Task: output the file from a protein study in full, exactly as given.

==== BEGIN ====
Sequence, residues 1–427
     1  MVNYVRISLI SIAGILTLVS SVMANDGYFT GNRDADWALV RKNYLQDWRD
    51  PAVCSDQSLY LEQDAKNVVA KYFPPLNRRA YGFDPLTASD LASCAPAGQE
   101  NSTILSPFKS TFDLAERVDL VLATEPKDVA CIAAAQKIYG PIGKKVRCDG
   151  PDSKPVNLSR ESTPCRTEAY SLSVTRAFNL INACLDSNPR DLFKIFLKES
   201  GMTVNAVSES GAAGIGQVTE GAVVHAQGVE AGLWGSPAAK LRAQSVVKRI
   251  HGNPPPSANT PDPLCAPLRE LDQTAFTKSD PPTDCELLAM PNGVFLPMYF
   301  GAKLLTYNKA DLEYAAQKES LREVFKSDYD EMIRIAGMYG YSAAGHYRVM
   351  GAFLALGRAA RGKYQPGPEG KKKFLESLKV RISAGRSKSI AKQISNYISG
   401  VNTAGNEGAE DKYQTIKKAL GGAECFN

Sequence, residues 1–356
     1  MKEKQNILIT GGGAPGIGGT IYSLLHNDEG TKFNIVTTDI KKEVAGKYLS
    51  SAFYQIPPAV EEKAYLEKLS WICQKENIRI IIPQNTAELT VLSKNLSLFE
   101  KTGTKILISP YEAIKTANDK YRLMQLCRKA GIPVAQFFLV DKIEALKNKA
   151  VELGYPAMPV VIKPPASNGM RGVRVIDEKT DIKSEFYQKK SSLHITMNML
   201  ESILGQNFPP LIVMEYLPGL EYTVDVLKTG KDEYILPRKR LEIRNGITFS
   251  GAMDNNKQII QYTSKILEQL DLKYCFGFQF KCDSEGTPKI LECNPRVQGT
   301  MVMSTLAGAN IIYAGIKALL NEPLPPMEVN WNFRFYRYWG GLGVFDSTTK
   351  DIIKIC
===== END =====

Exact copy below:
Sequence, residues 1–427
     1  MVNYVRISLI SIAGILTLVS SVMANDGYFT GNRDADWALV RKNYLQDWRD
    51  PAVCSDQSLY LEQDAKNVVA KYFPPLNRRA YGFDPLTASD LASCAPAGQE
   101  NSTILSPFKS TFDLAERVDL VLATEPKDVA CIAAAQKIYG PIGKKVRCDG
   151  PDSKPVNLSR ESTPCRTEAY SLSVTRAFNL INACLDSNPR DLFKIFLKES
   201  GMTVNAVSES GAAGIGQVTE GAVVHAQGVE AGLWGSPAAK LRAQSVVKRI
   251  HGNPPPSANT PDPLCAPLRE LDQTAFTKSD PPTDCELLAM PNGVFLPMYF
   301  GAKLLTYNKA DLEYAAQKES LREVFKSDYD EMIRIAGMYG YSAAGHYRVM
   351  GAFLALGRAA RGKYQPGPEG KKKFLESLKV RISAGRSKSI AKQISNYISG
   401  VNTAGNEGAE DKYQTIKKAL GGAECFN

Sequence, residues 1–356
     1  MKEKQNILIT GGGAPGIGGT IYSLLHNDEG TKFNIVTTDI KKEVAGKYLS
    51  SAFYQIPPAV EEKAYLEKLS WICQKENIRI IIPQNTAELT VLSKNLSLFE
   101  KTGTKILISP YEAIKTANDK YRLMQLCRKA GIPVAQFFLV DKIEALKNKA
   151  VELGYPAMPV VIKPPASNGM RGVRVIDEKT DIKSEFYQKK SSLHITMNML
   201  ESILGQNFPP LIVMEYLPGL EYTVDVLKTG KDEYILPRKR LEIRNGITFS
   251  GAMDNNKQII QYTSKILEQL DLKYCFGFQF KCDSEGTPKI LECNPRVQGT
   301  MVMSTLAGAN IIYAGIKALL NEPLPPMEVN WNFRFYRYWG GLGVFDSTTK
   351  DIIKIC